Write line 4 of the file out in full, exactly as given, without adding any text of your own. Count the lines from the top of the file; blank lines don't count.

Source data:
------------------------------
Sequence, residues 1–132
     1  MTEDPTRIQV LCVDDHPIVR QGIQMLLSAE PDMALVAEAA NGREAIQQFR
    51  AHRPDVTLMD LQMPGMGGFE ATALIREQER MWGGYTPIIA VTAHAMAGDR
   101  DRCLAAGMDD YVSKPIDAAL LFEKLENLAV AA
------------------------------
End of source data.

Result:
   101  DRCLAAGMDD YVSKPIDAAL LFEKLENLAV AA